Members of the Alabama Legislature and Gov. Kay Ivey had no way of knowing when they approved a gas tax this spring that petroleum facilities in Saudi Arabia would be bombed about the time the bulk of the tax kicked in.
But that is what happened, amounting to a double whammy for Alabama citizens.
Six cents of the 10 cents per gallon tax went into effect on Sept. 1, and about two weeks later, the Saudi facilities were struck by drones, wiping out the world’s largest petroleum processing plant and oil wells and sending world gas prices upward.
In Alabama, another two-cents-a-gallon tax becomes effective Oct. 1, 2020, and another two cents the following year. The year after that, an indexing component takes effect, meaning that gas prices will automatically increase by a penny per gallon annually as road construction costs increase.
Alabama had not had a gas tax increase in almost five decades before lawmakers approved the legislation that brings the total state tax to about 24 cents a gallon.
Although gas prices crept up in Auburn this week, the full impact of the Saudi bombings has not been determined, but estimates are that gas prices could increase by as much as a quarter per gallon due to the loss of production capabilities.
President Donald Trump blamed the bombings on Iran and tweeted that the United States is “locked and loaded” for a response.
I am not certain what that means, but it could not be good for the Iranians.
With regard to gasoline price increases, the good news is that they come at the end of the heavy summer driving season.
The other good news is that the Army Corps of Engineers has reportedly approved a plan to deepen the water channel in Mobile Bay to a depth of up to 50 feet, which will allow larger cargo ships to dock there, expanding the state’s foreign trade opportunities.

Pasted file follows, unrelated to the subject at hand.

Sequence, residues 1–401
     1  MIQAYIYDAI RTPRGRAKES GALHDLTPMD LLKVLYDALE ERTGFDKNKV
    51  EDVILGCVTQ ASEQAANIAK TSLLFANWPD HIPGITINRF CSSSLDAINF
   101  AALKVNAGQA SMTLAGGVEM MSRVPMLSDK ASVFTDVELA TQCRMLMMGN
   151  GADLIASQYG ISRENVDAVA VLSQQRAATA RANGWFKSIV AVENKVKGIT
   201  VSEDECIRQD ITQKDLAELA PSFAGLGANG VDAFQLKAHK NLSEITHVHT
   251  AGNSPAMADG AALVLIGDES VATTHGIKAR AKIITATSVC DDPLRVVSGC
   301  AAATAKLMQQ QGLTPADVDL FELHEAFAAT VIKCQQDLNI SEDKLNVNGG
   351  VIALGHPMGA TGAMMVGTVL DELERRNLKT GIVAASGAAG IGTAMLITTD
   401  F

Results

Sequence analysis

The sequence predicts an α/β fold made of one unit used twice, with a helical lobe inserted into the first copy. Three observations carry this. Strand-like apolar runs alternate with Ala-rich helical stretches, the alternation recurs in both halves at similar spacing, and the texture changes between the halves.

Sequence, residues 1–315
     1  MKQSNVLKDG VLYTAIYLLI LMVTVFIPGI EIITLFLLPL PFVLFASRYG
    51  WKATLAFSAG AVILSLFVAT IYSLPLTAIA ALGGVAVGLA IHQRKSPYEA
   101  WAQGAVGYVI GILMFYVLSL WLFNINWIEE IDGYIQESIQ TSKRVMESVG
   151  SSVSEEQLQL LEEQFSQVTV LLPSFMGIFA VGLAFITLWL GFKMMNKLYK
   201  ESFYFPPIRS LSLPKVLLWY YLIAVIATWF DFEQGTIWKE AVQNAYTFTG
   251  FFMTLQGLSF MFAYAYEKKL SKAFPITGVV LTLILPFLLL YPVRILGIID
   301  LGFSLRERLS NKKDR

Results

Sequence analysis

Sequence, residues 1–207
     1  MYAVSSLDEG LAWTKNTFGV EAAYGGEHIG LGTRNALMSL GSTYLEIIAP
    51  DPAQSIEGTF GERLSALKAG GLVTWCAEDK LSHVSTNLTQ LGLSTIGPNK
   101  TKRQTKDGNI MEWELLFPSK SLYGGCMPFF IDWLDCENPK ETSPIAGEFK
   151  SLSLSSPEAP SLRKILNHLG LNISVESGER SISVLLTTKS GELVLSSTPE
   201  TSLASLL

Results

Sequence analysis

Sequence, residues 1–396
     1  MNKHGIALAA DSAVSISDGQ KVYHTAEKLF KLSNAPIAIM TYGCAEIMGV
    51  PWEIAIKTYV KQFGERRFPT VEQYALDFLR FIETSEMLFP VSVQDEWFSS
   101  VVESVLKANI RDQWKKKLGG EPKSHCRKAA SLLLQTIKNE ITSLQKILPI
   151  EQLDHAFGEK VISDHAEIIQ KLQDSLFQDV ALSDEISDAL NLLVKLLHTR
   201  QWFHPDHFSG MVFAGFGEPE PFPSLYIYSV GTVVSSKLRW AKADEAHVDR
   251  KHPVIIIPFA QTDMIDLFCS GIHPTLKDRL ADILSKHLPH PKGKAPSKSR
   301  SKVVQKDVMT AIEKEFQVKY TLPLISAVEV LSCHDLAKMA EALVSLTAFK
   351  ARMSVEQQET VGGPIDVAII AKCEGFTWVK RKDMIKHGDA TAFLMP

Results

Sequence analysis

Each penny of the gas tax will produce about $32 million a year and a portion of the proceeds have been pegged for the local/state share of costs of the deepening project. Work is to begin in about a year.
‘Real season’ to begin
Auburn’s football team, ranked No. 8 and 3-0, escaped the “preliminary season” unscathed, although there were some tense moments. Now the “real” season begins as the team begins SEC play on the road.
Auburn is said to have one of the toughest schedules in the nation from here on out, facing three of the five highest ranked teams in the NCAA.
So far, freshman quarterback Bo Nix has not buckled under pressure and his backup, Joey Gatewood, has shown some rare talent as well.
If Auburn can get healthy, it is positioned for a nice run in 2019. But the team has to play smart and avoid mistakes. If it does that, nothing — not even beating that team from across the state — is out of the question.
Retired Auburn Attorney Don Eddins is publisher of The Auburn Villager newspaper and the online publication, auburnvillager.com. Before going into law, he was state Capitol reporter for The Huntsville Times and state editor for The Columbus Ledger. In college, he was sports editor of The Auburn Plainsman. Email him at firstname.lastname@example.org.